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The unintended consequences of AI regulation in Europe: a startup killer?

Europe’s new AI regulation threatens to become a brake on innovation, favouring the tech giants and nipping the potential of start-ups in the bud, writes AI entrepreneur Christian Fehrlin in a guest article.

In an ambitious attempt to curb the growing power of artificial intelligence (AI), the European Union has proposed rules in the AI Act that are more Goliath’s privilege than David’s advantage. At first glance, these regulations, which cover complex technologies such as large language models (LLMs) and facial recognition systems, appear to represent progress towards ethical and safe AI. But a closer look reveals them to be a stranglehold for start-ups and smaller companies in the AI sector.

While tech giants like Google and OpenAI with their huge data pools and financial resources can easily manoeuvre their way through the maze of compliance and data protection regulations, start-ups and small companies face almost insurmountable hurdles. Regulation, which was intended as a levelling shield, is becoming an insurmountable wall for newcomers and SMEs.

AI Act favours exclusive club for big tech

At first glance, the disproportionate data protection and compliance requirements sound trustworthy and security-oriented. However, they indirectly favour an exclusive club in which only the established data giants are members. Smaller players that could bring innovative solutions and fresh ideas to the AI market are massively slowed down as a result, as they have no data of their own that they can use to train their models.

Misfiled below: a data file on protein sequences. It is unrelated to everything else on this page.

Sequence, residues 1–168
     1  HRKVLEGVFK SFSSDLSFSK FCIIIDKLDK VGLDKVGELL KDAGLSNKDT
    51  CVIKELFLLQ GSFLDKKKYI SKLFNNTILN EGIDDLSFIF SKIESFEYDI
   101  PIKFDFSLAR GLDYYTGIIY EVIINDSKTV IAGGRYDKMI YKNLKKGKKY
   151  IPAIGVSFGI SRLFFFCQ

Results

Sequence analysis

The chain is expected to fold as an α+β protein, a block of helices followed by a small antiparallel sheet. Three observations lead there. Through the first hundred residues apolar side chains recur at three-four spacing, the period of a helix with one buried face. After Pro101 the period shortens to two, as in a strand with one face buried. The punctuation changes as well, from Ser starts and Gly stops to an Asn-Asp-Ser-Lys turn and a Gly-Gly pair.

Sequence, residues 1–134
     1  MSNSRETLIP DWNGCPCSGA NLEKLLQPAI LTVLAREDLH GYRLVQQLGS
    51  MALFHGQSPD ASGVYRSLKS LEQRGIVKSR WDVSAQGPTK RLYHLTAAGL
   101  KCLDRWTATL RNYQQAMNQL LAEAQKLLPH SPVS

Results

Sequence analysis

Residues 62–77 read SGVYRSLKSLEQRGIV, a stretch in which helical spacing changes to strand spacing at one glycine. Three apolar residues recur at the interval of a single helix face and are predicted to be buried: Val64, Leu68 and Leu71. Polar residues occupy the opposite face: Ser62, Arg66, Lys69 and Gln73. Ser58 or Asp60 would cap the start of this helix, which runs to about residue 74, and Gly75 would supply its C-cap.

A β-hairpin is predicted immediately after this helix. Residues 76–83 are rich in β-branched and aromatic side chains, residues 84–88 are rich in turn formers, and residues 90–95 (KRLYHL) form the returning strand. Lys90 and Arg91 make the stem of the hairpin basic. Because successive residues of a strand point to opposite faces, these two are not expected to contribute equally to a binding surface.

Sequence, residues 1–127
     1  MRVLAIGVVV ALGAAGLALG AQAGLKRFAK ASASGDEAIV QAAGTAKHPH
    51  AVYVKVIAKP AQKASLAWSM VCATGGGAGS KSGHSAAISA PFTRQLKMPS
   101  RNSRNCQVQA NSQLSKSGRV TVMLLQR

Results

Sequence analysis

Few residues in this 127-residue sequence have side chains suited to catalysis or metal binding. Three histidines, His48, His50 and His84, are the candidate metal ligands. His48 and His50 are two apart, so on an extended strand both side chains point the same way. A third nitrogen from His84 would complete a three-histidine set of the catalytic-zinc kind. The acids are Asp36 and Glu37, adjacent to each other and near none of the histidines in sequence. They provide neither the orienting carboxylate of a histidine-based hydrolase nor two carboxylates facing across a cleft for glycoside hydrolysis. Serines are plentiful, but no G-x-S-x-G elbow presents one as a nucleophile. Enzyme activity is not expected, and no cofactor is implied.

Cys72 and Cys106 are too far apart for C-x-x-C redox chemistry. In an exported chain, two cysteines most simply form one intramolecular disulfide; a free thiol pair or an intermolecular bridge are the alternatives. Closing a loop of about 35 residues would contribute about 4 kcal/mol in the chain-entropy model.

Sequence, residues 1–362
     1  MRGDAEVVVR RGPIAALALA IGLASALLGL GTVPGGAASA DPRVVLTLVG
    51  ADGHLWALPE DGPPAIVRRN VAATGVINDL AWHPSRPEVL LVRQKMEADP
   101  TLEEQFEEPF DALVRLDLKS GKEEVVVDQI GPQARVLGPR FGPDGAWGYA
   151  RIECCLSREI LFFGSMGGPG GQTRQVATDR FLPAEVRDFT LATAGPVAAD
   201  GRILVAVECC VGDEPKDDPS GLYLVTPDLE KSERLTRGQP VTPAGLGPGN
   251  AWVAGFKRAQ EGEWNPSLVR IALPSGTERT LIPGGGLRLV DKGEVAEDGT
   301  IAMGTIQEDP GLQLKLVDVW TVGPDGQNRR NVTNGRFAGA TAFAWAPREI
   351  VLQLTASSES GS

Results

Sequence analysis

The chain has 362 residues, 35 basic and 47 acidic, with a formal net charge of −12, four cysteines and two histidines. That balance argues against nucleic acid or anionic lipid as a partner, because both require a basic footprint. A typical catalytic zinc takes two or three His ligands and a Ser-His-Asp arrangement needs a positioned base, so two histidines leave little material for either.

Europe risks turning into an innovation-hostile fortress that is disconnected from global developments in the technology sector. Regulation in its current form is not a sign of progress, but rather a retreat into a risk-averse, stagnating technology landscape.

Regulation must offer flexibility and practicability for SMEs

The EU must find a regulatory approach that masters the balancing act between protecting citizens’ rights and promoting innovation. An approach that offers flexibility and practicality for smaller companies, while maintaining ethical and safety standards.It is high time that we move away from a one-dimensional, restrictive view of AI regulation and instead adopt a dynamic, multi-layered approach that not only preserves but actively promotes diversity and dynamism in the European tech ecosystem. This is the only way to ensure that Europe can not only keep up in the global technology race, but emerge as a leader in ethical and innovative AI technology.

This article was first published as a commentary on our ICT news platform Inside IT.